will of the majority

Senate on a slippery path with filibuster change

The manufactured crisis last week that led to extraordinary, unprecedented change to the filibuster, prompted by Majority Leader Harry Reid (D-NV) and Senate Democrats, is the first step down a road that undermines the nature of the chamber and will, almost certainly, lead to bigger changes.

The Senate was meant to be the more prestigious body of Congress and its members, given six-year terms, were selected to be responsive to state interests in Washington. Members of the House of Representatives, on the other hand, were meant to serve as the voices of the people, subject to re-election every two years.

Contrary to what President Obama said in his statement after the filibuster change, that “if you got a majority of folks who believe in something, then it should be able to pass,” the upper chamber was never meant to serve as a “voice of the people,” nor was meant to rubber stamp majoritarian views or interest.

It was meant, as James Madison once said, “to consist in its proceedings with more coolness, with more system and with more wisdom, than the popular branch.” Passing legislation and approving nominees based on consensus. The filibuster — which has existed as a concept since the chamber was created and in practice since 1837 — was a tool to achieve consensus.

But, over time, the Senate has become more and more like the House, beginning in 1913 with the ratification of the Seventeenth Amendment, which mandated direct election of senators by voters in their respective states.

The Founding Fathers were concerned about a legislative branch that was too responsive to the whims of majority views, which could potentially be dangerous to essential liberty. In Federalist 10, Madison warned about the problem of faction.

We should shun majority rule

With all the uproar from Democrats and liberals over the filibuster and claims that Republicans are somehow subverting the will of the majority, David Harsanyi explains why the Founding Fathers created a republic and avoided democracy:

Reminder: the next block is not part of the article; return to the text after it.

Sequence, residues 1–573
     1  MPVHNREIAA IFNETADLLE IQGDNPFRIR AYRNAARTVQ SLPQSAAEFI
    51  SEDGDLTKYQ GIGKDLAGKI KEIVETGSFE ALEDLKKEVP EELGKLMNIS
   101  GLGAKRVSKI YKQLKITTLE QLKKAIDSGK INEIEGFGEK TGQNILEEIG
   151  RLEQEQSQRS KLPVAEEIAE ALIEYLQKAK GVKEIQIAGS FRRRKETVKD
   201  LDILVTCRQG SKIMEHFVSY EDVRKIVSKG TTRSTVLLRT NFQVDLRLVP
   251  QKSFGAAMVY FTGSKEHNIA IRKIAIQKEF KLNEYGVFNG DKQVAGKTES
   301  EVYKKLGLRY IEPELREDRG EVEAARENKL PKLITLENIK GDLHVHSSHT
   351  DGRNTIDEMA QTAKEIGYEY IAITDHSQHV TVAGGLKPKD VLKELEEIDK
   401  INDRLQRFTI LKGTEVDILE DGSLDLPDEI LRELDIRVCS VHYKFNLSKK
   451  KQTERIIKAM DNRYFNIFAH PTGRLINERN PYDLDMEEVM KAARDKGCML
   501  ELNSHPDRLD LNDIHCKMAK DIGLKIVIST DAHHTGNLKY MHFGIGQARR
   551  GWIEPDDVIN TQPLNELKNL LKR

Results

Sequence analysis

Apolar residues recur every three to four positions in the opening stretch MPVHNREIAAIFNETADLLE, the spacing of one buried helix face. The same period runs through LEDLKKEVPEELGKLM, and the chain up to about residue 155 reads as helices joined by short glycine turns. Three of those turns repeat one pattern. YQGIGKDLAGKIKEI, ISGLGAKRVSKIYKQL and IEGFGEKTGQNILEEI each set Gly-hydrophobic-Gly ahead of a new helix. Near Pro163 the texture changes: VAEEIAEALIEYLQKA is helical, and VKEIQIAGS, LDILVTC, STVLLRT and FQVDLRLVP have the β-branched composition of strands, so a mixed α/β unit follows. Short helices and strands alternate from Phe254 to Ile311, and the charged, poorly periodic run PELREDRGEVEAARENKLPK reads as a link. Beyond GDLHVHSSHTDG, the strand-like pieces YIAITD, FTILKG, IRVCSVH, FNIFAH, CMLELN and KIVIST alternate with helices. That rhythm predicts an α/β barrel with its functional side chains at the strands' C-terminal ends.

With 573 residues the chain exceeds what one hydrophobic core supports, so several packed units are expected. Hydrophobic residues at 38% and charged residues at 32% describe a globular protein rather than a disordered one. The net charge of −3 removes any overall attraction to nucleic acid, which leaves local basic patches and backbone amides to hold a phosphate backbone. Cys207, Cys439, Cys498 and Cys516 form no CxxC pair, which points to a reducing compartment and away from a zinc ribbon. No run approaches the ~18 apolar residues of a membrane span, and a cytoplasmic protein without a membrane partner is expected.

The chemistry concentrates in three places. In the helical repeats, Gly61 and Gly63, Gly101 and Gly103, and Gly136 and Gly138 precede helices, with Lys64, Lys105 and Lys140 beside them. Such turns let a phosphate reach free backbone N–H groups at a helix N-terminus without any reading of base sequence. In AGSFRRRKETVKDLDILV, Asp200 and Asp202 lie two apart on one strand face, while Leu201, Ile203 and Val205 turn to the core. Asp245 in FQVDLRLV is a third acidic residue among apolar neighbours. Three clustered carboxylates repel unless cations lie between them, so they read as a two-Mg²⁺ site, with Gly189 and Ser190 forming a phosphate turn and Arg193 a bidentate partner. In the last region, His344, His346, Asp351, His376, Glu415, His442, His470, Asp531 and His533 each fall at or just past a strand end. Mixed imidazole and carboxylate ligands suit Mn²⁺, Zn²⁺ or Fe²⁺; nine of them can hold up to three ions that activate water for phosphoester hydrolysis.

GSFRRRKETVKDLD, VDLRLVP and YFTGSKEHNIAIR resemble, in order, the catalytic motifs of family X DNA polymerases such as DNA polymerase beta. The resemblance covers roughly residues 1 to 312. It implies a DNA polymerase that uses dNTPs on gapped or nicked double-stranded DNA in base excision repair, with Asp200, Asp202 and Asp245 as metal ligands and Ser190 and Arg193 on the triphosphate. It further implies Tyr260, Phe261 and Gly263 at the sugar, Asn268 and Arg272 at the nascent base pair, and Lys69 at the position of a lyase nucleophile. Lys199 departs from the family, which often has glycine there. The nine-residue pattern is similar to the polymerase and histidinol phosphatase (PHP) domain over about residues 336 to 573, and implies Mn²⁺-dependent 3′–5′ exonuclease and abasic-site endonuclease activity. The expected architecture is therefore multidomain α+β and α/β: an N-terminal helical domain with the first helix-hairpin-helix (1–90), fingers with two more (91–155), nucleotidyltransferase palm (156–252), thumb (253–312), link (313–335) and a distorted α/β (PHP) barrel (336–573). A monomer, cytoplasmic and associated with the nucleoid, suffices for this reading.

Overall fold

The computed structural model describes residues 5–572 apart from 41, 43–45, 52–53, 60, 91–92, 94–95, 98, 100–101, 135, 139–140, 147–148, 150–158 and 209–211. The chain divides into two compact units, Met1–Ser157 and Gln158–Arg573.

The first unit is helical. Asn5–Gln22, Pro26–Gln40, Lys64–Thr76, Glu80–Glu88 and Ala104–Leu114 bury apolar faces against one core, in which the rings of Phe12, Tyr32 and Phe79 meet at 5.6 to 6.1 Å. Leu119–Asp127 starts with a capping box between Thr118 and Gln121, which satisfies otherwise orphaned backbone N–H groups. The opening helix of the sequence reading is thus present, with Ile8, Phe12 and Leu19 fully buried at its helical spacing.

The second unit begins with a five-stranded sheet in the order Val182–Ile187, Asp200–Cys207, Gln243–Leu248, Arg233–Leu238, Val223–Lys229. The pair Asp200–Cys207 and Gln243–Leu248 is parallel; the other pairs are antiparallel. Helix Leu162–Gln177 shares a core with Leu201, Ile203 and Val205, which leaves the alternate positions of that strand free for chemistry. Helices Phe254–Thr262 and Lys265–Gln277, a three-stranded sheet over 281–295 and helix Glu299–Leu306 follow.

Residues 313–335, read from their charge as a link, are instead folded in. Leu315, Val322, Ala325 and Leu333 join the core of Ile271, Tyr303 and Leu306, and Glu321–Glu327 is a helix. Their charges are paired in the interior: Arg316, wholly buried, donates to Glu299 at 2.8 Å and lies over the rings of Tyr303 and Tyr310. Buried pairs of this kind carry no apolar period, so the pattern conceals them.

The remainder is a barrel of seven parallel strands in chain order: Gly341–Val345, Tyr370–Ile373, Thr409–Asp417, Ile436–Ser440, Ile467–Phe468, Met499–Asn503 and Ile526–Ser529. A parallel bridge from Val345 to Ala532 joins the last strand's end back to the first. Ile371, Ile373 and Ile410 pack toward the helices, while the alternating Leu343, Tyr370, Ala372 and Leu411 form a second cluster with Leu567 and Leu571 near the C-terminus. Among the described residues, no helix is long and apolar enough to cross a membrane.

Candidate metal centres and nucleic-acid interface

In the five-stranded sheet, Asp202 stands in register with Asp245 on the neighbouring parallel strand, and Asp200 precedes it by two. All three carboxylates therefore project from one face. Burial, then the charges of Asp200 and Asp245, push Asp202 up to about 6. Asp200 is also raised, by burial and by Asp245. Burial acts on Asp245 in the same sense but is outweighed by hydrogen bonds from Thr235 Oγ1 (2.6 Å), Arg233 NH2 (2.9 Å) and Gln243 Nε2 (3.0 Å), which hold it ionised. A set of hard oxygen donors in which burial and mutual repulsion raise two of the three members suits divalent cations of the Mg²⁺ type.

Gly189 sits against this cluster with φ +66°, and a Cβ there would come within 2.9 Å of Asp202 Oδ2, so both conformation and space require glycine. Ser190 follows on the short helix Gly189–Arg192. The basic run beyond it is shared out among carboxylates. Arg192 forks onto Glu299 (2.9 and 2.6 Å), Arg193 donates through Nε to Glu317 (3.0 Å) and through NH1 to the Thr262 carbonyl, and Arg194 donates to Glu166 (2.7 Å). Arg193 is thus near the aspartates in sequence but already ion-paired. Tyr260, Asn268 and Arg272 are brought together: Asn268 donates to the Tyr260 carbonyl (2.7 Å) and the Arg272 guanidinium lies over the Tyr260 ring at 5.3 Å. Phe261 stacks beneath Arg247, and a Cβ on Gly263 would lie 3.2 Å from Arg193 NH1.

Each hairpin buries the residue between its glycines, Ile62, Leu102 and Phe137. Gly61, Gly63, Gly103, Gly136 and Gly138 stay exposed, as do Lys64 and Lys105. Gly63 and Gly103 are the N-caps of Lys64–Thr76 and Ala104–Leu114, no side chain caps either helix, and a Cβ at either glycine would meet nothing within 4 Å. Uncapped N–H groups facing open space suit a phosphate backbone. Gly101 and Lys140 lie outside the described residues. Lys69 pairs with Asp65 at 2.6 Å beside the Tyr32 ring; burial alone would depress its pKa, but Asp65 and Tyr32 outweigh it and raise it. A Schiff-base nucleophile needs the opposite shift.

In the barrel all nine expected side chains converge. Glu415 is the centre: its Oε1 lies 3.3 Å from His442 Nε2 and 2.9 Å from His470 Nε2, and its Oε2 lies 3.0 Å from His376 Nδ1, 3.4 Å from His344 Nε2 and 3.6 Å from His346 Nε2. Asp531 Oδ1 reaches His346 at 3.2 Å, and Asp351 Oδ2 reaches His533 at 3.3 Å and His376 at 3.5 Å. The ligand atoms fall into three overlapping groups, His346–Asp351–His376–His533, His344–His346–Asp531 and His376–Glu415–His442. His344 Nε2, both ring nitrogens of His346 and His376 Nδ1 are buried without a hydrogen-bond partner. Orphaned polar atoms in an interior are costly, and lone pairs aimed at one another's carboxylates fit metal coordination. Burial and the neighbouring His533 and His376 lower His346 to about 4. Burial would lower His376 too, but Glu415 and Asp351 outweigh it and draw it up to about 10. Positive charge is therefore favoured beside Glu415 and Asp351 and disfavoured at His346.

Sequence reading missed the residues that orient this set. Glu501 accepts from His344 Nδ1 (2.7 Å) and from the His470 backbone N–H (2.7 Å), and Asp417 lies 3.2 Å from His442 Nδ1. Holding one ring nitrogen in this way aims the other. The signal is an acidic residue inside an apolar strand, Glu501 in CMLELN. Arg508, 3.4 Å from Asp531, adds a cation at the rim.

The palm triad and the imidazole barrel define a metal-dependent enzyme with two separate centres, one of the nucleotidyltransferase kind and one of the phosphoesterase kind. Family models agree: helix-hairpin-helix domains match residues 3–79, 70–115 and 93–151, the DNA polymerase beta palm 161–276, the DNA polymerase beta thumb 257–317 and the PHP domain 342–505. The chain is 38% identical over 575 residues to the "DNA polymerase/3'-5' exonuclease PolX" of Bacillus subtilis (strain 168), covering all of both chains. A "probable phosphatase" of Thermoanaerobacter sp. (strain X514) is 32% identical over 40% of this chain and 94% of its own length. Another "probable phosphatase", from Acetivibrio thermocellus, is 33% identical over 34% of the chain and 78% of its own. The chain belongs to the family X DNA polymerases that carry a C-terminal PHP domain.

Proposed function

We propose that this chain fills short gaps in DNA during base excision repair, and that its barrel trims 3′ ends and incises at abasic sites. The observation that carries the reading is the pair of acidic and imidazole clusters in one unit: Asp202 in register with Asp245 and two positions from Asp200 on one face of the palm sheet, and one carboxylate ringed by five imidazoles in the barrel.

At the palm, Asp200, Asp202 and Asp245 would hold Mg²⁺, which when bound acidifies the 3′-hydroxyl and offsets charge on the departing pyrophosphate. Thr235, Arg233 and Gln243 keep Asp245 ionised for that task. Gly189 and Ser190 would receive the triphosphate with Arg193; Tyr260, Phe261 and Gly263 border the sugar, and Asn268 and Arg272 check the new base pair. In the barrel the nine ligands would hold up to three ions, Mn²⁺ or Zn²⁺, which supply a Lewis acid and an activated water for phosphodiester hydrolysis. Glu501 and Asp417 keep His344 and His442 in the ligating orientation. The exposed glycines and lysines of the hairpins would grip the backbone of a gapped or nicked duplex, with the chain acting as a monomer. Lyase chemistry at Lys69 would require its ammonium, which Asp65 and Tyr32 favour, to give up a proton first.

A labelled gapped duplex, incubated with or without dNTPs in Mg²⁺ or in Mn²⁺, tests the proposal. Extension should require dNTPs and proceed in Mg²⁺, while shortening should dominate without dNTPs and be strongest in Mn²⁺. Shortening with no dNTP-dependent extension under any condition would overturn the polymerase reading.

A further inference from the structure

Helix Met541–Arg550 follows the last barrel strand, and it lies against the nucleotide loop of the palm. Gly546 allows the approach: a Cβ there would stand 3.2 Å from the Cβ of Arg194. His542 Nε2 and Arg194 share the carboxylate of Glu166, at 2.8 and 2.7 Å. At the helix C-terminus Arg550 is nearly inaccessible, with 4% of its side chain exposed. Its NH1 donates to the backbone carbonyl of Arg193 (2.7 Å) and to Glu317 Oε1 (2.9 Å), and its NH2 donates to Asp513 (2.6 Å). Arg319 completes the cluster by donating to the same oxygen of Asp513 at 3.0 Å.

“[D]emocracy” isn’t only messy, it’s also immoral and unworkable. The Founding Fathers saw that coming as well. So we don’t live under a system of simple majority rule for a reason, as most readers already know.

The minority political party, luckily, has the ability to obstruct, nag and filibuster the majority’s agenda. Otherwise, those in absolute power would run wild — or, in other words, you would all be living that Super Bowl Audi commercial by now.

And if democracy is the mob — the “worship of jackals by jackasses,” as H.L. Mencken once cantankerously put it — who comprises it in our scenario? Depends how you look at it, I suppose.
[…]
Turns out, if we believe polls, that Americans changed their minds quickly and in large numbers. And history shows us that generally, unhampered one-party rule doesn’t work out for anyone.

Then again, today’s argument that the ruling party doesn’t have enough power is a reflection of a near-spiritual belief in the wonders of government, not democracy.

Harsanyi could not be more dead on.


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